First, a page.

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New York Post


Christie Tackles School Reform

April 04, 2013

By Charles Upton Sahm

NJ Gov. Chris Christie announced last week that the state will take over Camden's long-troubled school system. The courageous move, the latest piece of Christie's impressive education-reform agenda, could signal a turnaround for one of the country's most dangerous and depressed cities.

Camden needs help: Of its 26 schools, 23 are in the lowest-performing 5 percent in the state. Less than 20 percent of fourth-graders are proficient in language arts; just 28 percent of 11th-graders are proficient in math. Its four-year high-school graduation rate was 49 percent in 2012, 37 points below the state average.

The return on investment is particularly poor because the district spends $23,709 per pupil - more than $5,700 above the state average.

To her credit, Camden Mayor Dana Redd welcomes the state's "partnership" in improving the city's schools: Since the status quo "is failing our kids," she said, "We cannot wait any longer." Redd is a pragmatic Democrat: last year, she joined Christie for the signing the Urban Hope Act, giving private nonprofits authority to build a dozen "renaissance" schools in Newark, Camden and Trenton.

These schools will be charter-like public schools with more flexibility in administration and finances; those in Camden will be operated by two top-performing charter networks: KIPP and Democracy Prep.

The state's plans for Camden aren't yet developed. Christie and Education Commissioner Chris Cerf declared that the state would work with the local school board, but choice and charters will be key components. "Renaissance [and] charter schools will certainly be a part of this mix, as they have . . . already," Christie said. "I don't see it as my job to keep students in the district against their will."

Of course, New Jersey took control of school districts in Newark (1995), Paterson (1991) and Jersey City (1989) - and not much improved. But Derrell Bradford, director of the reform advocacy group Better Education for Kids, notes, "This is Christie's first takeover. Not all takeovers are equal. And given the recent positive developments in the other state-led districts, I am cautiously optimistic about Camden."

Positive changes are afoot in Jersey's troubled cities, especially in Newark, where a new performance-based teachers' contract - aided by $100 million from Facebook's Mark Zuckerberg - is hailed as a national model.

Newark's dynamic superintendent, Cami Anderson, is closing bad schools, hiring new principals and giving them greater autonomy and establishing a high school choice system. A new $150 million "Teachers Village" complex, with three new charters and rental apartments for teachers, is rising.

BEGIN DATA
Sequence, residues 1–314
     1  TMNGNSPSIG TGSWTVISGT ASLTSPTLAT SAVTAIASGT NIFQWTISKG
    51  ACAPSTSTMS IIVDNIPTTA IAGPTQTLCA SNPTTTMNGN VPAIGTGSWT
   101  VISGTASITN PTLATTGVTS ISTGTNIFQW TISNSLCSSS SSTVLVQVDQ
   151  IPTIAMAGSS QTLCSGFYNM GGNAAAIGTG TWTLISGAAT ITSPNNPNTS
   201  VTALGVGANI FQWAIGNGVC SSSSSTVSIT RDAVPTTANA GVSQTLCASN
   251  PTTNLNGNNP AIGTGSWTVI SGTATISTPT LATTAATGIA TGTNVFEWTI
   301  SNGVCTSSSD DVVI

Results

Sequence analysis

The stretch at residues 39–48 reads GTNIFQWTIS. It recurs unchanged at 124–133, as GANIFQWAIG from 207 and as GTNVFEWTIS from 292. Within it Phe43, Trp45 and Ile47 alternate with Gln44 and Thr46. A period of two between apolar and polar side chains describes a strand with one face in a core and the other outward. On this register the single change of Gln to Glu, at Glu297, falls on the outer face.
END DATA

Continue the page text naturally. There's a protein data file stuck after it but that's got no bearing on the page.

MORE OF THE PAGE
Stanford University's research team recently found that New Jersey charter schools posted "some of the largest learning gains we have seen to date." This, when Stanford had found disappointing results for charters elsewhere.

Newark's charter students stood out - posting gains roughly equivalent to spending an extra seven to nine months in school each year. Newark's successful charters include KIPP's TEAM schools, Uncommon Schools' North Star Academy, Robert Treat Academy and Gray Charter School.

Under Cerf's direction, New Jersey has gotten serious about charter authorization: only allowing groups with proven results (or well-designed plans) to open schools and closing those that don't perform. As he recently noted, closing bad charters "is precisely what the exchange of autonomy for accountability means."

Jersey is also leading on teacher accountability. Last year, a law passed with bipartisan support that evaluates teachers based on multiple measures and makes tenure harder to get and easier to lose. The state is expanding parental choice with a $2 million Opportunity Scholarship pilot and an interdistrict school choice program that gives students the chance to attend public schools outside their zoned districts.

In Camden the other day, Christie talked about education in a "compassionate conservative" way. "We cannot fail these children any longer," he said. "People gave me the chance to do this job. . . to take on the big challenges. . . When you take on big challenges you take the risk of failing. . .

"I don't want to look back on my time as governor and say. . . I should have done more for the people and the children, in particular of [Camden]. They will not be able to say that we didn't act."

Christie and his team deserve credit for tackling this challenge - and for moving the Garden State from a laggard to a leader in education reform.

Original Source:



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